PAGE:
Next Move: Offensive Investments

Seven of their 10 free agency moves (signings and re-signings) were on the defensive side. For an offense that was 25th in scoring and 27th in yards, that has to change and fast. Multiple mock drafts have them trading up for Tua Tagovailoa or even Joe Burrow. It’s unlikely, but with Ryan Fitzpatrick returning they have to address the future beyond Josh Rosen. Right?

The offense needs several infusions of talent, not just at quarterback. The signed former Bears and Philadelphia Eagles running back Jordan Howard. He instantly slots in as their best back, but they’re thin behind him. The same goes for wide receiver where they need of playmakers behind DeVante Parker and Preston Williams, who is coming off a torn ACL.

New England Patriots

Best Move: Embracing the Rebuild

One of the lasting traits of the Belichick era in New England has been the propensity to move on from players a year too soon rather than a year too late. Well, after two decades in the Northeast, quarterback Tom Brady has headed for warmer weather. That puts the Pats into a certain level of rebuilding. It remains to be seen what that level is, however. The quarterback room is less-talented with Jarrett Stidham, Brian Hoyer, and Cody Kessler.

That very uncertainty is exactly why the Patriots and Belichick should be commended. It would have been easy for The Hoodie to fight to keep Brady around or even walk away as his quarterback left town. Instead, he is undoubtedly going to embrace this opportunity to prove that it was he, not Brady, that was mostly responsible for their unprecedented run the last 20 years.

Worst Move: Not Having Next QB1

It isn’t often the Patriots get caught with their pants down in terms of being ill-prepared. But that seems to be exactly the case now with Brady in the NFC and their best replacements being a second-year pro or a journeyman. Now, Belichick won 10 games with Matt Cassell filling in back in 2008. So maybe his faith in Stidham will pay off again.

That hasn’t stopped speculation from mounting about some of the available veteran options. Andy Dalton and Cam Newton have both been mentioned frequently and present reclamation projects that would further Belichick’s legend. Or he could take a passer that falls or trade up to take one. We just don’t know at this point. It’s pretty much business as usual for the Patriots.

Next Move: More Offensive Firepower

Some have speculated that New England will effectively tank this season in hopes of being in the position to draft Clemson’s Trevor Lawrence next year. The biggest issue with that is it dismisses the ego of Belichick. It’s almost unfathomable to think he’d waste a year at all let alone a chance to prove it was him all along, not the quarterback.

Regardless of who is under center this season or next, the Patriots need to give him a better arsenal than Brady had in 2019. They long got by with what many considered a bunch of misfits that Brady made look good. Well, we saw last season those misfits were better than they were given credit for. New England better load up or they won’t have to try to tank.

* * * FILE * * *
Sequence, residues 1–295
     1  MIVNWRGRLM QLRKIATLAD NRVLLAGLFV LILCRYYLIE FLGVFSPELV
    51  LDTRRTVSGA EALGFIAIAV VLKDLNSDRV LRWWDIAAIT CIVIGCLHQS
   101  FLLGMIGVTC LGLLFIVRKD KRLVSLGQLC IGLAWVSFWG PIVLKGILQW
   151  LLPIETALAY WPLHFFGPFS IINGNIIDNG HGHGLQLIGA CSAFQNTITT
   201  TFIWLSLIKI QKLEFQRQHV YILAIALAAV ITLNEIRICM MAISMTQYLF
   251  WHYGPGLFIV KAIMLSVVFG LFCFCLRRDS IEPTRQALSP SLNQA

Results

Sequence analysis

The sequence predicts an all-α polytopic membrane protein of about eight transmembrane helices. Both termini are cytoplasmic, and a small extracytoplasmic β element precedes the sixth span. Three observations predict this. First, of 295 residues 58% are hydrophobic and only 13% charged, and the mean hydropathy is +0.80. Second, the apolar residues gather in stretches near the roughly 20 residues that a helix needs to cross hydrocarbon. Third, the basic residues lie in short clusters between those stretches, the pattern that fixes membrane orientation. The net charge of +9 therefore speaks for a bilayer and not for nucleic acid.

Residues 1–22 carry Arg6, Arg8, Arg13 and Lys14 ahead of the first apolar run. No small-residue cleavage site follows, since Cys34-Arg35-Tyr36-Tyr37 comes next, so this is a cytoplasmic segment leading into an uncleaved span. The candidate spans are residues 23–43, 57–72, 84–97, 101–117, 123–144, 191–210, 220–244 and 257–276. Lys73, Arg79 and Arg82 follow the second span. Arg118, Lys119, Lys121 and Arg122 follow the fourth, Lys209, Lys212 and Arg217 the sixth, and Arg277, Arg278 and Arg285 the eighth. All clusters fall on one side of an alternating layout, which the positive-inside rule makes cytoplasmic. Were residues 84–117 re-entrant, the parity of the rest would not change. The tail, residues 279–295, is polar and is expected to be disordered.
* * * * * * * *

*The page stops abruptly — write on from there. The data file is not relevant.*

New York Jets

Best Move: Attempting to Fix O-Line

There should be a caveat on this one. Or at least most of the emphasis should be on the ‘attempting’ part. The New York Jets had the 30th ranked pass-blocking unit and the 31st run-blocking group. The names they added don’t necessarily instill confidence that they have actually solved it though.

Outside of Connor McGovern, none of the other signees (Josh Andrews, George Fant, Greg Van Roten) or the re-signee (Alex Lewis) received good marks from Pro Football Focus. Obviously, they aren’t the be-all-end-all, but some teams do use it so it holds some weight. The Jets threw bodies at the position. We’ll see if they’re finished doing so.

Worst Move: Disarming Darnold

When the Jets let Robby Anderson leave via free agency to the Carolina Panthers, they lost their second-most receiving yards and third-most receptions from 2019. He was far from a complete player, but Carolina didn’t really pay him like one. A failure to address his loss will put the focus on some of the other questionable moves by this regime already.

New York will have Jamison Crowder and Chris Herndon back but neither has the field-stretching ability that Anderson Brings. But that could very well change with them holding the 11th overall pick. Still, it’s fair to wonder if keeping Anderson around was worth it for the development of quarterback Sam Darnold who will now have to build a rapport with someone new.

Next Move: Build Talent

It’s going to be tempting for the Jets to start believing that they have a shot at making the playoffs. The Patriots are the most vulnerable they’ve been since 1999, Miami is rebuilding, and while Buffalo made the postseason last year, they aren’t so far ahead of the rest of the division. New York might want to consider trading down to acquire more picks.

This is the alternative to simply taking the best player available; which would also be valid for the Jets. They just need so much that the better use of, at least, the first of their eight current picks is to get their hands on as much draft capital as possible. In addition to the receiver and offensive line, they need help in the secondary and with the pass-rush.